“Before you file an official police report, you should know that this part can be very hard on the victim.” Those were the words of the social worker called in to council me after I’d been raped. Two police officers and my friend Terence were also in the room.

“They’ll drag you through the ringer and you’ll have to re-live the experience again and again and again. They’ll question you almost as though YOU were the person who did something wrong. Chances are, they’ll also drag your past sexual history into it, especially if they think there’s any reason to suggest you invited this upon yourself.”

She said it kindly, trying to protect me from further hurt. She wanted me to know what I was facing if they ever caught the perpetrator who’d crawled through the window and taken my innocence from me. “You have a choice,” she said. “If you don’t want to report it, and you feel it would be easier to just walk away and try to get on with your life, you can.”

It didn’t seem like much of a choice to me. Let the man who did this walk free and some day find out another young girl had lived through the two hours of hell I’d lived through? Nope. I had to do everything I could to prevent that. I reported it. He was never arrested (though they thought they might have him a year or so later and I had to try to identify him in a series of photos). I never had to live through a court procedure. He might still be out there raping girls. The thought horrifies me.

The social worker’s words have been going through my head this week as news reports of another young woman who was raped in our province has surfaced. Tragically, though the case went to court, the rapist is walking free. The judge handed down a conditional sentence and no jail time, suggesting that the woman may have invited it on herself by wearing suggestive clothing and “letting her intentions known that she wanted to party”.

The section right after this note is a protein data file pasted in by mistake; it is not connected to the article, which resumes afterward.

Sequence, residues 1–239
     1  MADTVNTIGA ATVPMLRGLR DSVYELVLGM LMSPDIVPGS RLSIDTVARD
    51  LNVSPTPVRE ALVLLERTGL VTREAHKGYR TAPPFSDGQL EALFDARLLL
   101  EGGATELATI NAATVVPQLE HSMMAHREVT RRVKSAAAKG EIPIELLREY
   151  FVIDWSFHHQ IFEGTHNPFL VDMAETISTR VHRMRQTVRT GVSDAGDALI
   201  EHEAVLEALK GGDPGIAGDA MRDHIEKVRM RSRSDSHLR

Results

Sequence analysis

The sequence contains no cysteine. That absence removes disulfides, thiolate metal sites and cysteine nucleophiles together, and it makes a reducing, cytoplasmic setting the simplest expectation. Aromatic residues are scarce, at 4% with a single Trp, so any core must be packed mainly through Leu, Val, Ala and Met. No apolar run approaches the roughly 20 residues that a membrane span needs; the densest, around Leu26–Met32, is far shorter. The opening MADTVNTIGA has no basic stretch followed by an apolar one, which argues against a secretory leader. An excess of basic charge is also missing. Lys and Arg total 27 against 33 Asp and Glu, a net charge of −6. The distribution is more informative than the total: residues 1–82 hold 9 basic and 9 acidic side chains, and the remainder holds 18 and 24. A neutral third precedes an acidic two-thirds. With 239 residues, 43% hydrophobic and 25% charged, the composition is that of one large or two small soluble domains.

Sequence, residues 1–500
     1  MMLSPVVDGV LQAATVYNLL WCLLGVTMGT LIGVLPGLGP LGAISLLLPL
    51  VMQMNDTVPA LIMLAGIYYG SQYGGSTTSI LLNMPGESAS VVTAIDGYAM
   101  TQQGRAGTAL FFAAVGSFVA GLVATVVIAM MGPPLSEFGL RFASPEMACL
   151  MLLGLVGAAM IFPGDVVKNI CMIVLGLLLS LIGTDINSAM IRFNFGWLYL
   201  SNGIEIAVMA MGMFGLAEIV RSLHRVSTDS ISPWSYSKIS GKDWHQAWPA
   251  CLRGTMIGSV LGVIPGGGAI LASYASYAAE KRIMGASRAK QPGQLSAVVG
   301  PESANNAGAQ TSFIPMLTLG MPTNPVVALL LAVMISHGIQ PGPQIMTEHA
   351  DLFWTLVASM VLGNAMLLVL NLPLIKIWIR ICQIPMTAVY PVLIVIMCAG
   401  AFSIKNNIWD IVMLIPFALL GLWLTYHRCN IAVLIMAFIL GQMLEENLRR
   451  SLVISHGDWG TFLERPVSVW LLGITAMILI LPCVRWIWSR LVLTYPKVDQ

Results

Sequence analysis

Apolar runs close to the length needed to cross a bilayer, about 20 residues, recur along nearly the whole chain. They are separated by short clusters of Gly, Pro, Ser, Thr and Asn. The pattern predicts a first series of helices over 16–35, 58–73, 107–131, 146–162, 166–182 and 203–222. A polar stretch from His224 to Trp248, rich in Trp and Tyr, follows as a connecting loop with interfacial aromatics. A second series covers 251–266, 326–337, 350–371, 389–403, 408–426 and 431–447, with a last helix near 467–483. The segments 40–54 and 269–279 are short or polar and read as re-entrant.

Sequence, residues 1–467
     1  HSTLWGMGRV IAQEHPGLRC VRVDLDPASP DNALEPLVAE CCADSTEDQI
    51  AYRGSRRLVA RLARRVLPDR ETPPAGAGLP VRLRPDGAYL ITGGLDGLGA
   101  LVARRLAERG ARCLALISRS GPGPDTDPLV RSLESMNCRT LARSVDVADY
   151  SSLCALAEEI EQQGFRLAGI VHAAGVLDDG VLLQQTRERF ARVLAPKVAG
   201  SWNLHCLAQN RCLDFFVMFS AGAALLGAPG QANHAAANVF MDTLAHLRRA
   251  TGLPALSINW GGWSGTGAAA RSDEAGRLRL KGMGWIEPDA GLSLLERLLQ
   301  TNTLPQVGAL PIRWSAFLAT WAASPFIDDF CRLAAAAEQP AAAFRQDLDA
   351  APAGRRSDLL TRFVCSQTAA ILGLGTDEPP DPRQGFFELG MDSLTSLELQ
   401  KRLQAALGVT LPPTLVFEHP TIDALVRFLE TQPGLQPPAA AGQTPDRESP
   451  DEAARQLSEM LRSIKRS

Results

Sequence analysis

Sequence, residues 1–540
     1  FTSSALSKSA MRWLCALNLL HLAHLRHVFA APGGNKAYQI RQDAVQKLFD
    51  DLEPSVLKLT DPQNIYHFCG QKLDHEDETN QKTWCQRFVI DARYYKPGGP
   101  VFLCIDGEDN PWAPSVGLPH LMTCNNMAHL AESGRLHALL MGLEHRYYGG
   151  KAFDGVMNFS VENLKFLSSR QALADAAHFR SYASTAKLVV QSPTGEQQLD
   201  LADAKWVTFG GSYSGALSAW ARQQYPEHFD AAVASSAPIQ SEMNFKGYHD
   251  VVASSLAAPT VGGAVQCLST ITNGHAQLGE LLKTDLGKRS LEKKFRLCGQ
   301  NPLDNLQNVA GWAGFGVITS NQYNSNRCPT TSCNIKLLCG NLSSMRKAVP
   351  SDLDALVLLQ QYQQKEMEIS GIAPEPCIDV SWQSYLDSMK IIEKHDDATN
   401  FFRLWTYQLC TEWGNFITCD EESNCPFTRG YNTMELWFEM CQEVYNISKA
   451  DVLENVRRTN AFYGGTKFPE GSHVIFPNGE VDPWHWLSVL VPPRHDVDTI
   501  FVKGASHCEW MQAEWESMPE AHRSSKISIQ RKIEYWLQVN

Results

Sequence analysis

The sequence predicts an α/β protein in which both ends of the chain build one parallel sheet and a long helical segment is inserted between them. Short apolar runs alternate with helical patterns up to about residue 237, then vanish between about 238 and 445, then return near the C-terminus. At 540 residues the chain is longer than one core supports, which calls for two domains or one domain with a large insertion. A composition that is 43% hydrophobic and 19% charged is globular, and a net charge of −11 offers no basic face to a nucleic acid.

I don’t know the details of the case, but according to an interview on the radio this afternoon, they were in a car with a group of other people (after hanging out at the bar) when he started groping her. She told him to stop and he didn’t. Finally she said “I’m getting out of the car to get away from you.” He got out of the car too, took her into the woods and raped her.

I have no way of judging the woman’s behaviour, but this I know… no matter WHAT she was wearing, if she said no, it meant NO. Even if she was strutting down the street naked, he had no right to force sex on her. NO RIGHT!

Once again, our system has victimized the victim. After living through the hell of a court case, getting her actions trotted out for all the world to see, living through the shame of everyone thinking she was dressed inappropriately and “asked for it”, she now has to be told that the man who did this is a free man with nothing more than a conditional sentence.

Yes, I’m angry. Violence has a way of victimizing and then re-victimizing people. Not only do people get hurt by it, but if it’s not brought to justice, the next victim remains silent, and the violence is allowed to continue. And get worse. The next time a young woman sits in a room like I did with a social worker and police officer, she’ll know that if she reports this, there’s a good chance it won’t make any difference.

It’s the same thing we see with brutal dictators like those who are finally being challenged in the Middle East. For years they perpetuate their violence and the victims remain silent because there’s a good chance things will only get worse instead of better if they report it. In some countries, young women who are raped end up being stoned or forced to marry their rapist because somehow it was THEIR fault.

Though I didn’t have to live through the court system, I know a bit about what it feels like to feel blamed. When people found out what happened, I got a lot of support, but I also heard a number of stupid questions. “Why did you have your window open?” (Because it was a furnace in my apartment and I didn’t want to suffocate. Is it wrong to sleep with my window open?) “Couldn’t you have kicked him in the groin or something?” (And risk getting even more hurt than I was? As it was, he tried to stab me with my scissors when I tried to resist – I didn’t exactly want to piss him off further.)

It’s time to stop blaming the victim. No matter what personal choices we make, none of us invite violence on ourselves.

It’s time to call violence – under ANY circumstances – wrong.

(Note: I’m happy to learn that the judge in this case is under review.)

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